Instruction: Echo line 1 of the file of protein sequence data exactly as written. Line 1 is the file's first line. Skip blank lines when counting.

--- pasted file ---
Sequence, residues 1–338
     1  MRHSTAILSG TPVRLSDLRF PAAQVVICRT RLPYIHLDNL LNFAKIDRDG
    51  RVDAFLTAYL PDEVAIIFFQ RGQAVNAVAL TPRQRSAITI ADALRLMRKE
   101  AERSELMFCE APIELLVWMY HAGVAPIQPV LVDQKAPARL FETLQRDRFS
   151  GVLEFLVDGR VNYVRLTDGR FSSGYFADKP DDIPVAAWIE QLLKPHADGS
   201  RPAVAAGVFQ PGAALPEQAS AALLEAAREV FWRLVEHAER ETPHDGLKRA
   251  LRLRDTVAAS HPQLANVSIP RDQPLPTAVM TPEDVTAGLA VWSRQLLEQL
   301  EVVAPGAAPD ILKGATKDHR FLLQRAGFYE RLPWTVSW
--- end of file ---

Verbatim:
Sequence, residues 1–338